7. Hypocrisy

Hypocrisy was borrowed into English from French as far back as the turn of the 13th century, but has its roots in the Greek word meaning “to act on a stage.” The sense of someone who pretends or assumes false appearances remains in place today.

8. Machinery

Before it came to refer to machines or mechanisms in general, the word machinery referred only to the devices and apparatus in a theater used to create various effects on stage. In this original sense, machinery was inspired by the “god in the machine” or deus ex machina, a device used as far back as Ancient Greece to suspend actors portraying gods above the stage during a performance; eventually, the term deus ex machina itself came to refer to the resolution of a plot through the last-minute introduction of some all-powerful character.

9. Protagonist

The Ancient Greek word protagonistes was used to describe the lead actor in a dramatic performance, which was the original meaning of the word protagonist when it first appeared in English in the late 1600s (with the second and third most important being the deuteragonist and the tritagonist). Although still used in that sense today, nowadays protagonist is also used more broadly to refer to any prominent person or figurehead, or else simply a supporter or advocate of a particular cause.

10. Showboat

The first showboats—riverboats or steamers on which theatrical shows and entertainments would be staged—emerged in America in the mid-1800s. Derived from those, the use of showboat as a verb, meaning “to show off” or “to grandstand,” and as another word for someone who plays to a crowd or courts public attention, first appeared in print in the 1950s.

This list first ran in 2016.

Amazon’s Big Fall Sale Features Deals on Electronics, Kitchen Appliances, and Home Décor

Dash/Keurig
Dash/Keurig

If you're looking for deals on items like Keurigs, BISSELL vacuums, and essential oil diffusers, it's usually pretty slim pickings until the holiday sales roll around. Thankfully, Amazon is starting these deals a little earlier with their Big Fall Sale, where customers can get up to 20 percent off everything from home decor to WFH essentials and kitchen gadgets. Now you won’t have to wait until Black Friday for the deal you need. Make sure to see all the deals that the sale has to offer here and check out our favorites below.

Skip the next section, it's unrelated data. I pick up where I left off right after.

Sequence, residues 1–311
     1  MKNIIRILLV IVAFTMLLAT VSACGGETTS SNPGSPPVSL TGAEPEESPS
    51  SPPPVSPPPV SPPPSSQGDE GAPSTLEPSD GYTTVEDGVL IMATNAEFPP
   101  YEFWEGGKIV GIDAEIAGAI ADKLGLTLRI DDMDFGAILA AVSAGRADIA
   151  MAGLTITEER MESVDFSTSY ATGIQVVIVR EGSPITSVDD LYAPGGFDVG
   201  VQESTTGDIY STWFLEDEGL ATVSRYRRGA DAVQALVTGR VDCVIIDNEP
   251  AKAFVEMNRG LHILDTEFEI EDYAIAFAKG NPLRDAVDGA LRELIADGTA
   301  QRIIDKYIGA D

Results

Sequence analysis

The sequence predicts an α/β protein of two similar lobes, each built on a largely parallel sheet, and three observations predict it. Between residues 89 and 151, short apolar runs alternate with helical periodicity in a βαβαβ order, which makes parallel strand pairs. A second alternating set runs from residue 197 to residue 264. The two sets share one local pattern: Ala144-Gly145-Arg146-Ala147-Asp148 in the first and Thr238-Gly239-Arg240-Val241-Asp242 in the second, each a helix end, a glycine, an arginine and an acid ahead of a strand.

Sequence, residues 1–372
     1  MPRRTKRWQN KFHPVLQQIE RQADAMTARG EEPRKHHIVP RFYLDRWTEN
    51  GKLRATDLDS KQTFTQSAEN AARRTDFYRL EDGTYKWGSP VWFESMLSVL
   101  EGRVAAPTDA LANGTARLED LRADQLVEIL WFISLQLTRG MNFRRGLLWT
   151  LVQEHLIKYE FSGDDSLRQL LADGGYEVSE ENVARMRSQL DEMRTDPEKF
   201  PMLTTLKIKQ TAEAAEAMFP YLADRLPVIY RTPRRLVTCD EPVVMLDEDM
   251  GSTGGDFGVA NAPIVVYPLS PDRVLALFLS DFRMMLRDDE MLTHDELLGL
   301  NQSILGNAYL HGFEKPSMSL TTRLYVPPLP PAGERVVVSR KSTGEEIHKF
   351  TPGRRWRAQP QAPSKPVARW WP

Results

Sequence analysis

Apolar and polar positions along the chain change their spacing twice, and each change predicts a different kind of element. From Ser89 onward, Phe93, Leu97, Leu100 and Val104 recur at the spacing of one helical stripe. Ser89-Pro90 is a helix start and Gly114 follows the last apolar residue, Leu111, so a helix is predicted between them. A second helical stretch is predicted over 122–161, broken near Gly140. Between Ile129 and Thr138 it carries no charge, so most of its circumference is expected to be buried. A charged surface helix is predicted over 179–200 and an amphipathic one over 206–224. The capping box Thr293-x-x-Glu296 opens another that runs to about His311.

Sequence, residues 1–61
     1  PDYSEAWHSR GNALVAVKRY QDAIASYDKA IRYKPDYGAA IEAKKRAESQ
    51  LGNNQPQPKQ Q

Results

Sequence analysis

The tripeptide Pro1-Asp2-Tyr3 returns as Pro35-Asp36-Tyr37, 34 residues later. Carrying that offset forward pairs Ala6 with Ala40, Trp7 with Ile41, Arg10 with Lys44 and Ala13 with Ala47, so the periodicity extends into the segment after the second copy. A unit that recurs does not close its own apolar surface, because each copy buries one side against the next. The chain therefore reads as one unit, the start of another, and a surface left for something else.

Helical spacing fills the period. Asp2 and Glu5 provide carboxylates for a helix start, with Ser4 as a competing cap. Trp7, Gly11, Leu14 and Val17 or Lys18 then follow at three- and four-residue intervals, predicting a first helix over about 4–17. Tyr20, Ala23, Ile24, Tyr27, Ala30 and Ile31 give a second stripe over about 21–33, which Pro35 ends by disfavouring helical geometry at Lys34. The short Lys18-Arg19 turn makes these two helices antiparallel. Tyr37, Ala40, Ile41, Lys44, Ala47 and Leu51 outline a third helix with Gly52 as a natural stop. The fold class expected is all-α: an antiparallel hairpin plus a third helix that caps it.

Electronics

Dash/Amazon

- BISSELL Lightweight Upright Vacuum Cleaner $170 (save $60)

- Dash Deluxe Air Fryer $80 (save $20)

- Dash Rapid 6-Egg Cooker $17 (save $3)

- Keurig K-Café Single Coffee Maker $169 (save $30)

- COMFEE Toaster Oven $29 (save $9)

- AmazonBasics 1500W Oscillating Ceramic Heater $31 (save $4)

Home office Essentials

HP/Amazon

- HP Neverstop Laser Printer $250 (save $30)

- HP ScanJet Pro 2500 f1 Flatbed OCR Scanner $274 (save $25)

- HP Printer Paper (500 Sheets) $5 (save $2)

- Mead Composition Books Pack of 5 Ruled Notebooks $11 (save $2)

- Swingline Desktop Hole Punch $7 (save $17)

- Officemate OIC Achieva Side Load Letter Tray $15 (save $7)

- PILOT G2 Premium Rolling Ball Gel Pens 12-Pack $10 (save $3)

Toys and games

Selieve/Amazon

- Selieve Toys Old Children's Walkie Talkies $17 (save $7)

- Yard Games Giant Tumbling Timbers $59 (save $21)

- Duckura Jump Rocket Launchers $11 (save $17)

- EXERCISE N PLAY Automatic Launcher Baseball Bat $14 (save $29)

- Holy Stone HS165 GPS Drones with 2K HD Camera $95 (save $40)

Home Improvement

DEWALT/Amazon

- DEWALT 20V MAX LED Hand Held Work Light $54 (save $65)

- Duck EZ Packing Tape with Dispenser, 6 Rolls $11 (save $6)

- Bissell MultiClean Wet/Dry Garage Auto Vacuum $111 (save $39)

- Full Circle Sinksational Sink Strainer with Stopper $5 (save $2)

Home Décor

NECA/Amazon

- A Christmas Story 20-Inch Leg Lamp Prop Replica by NECA $41 save $5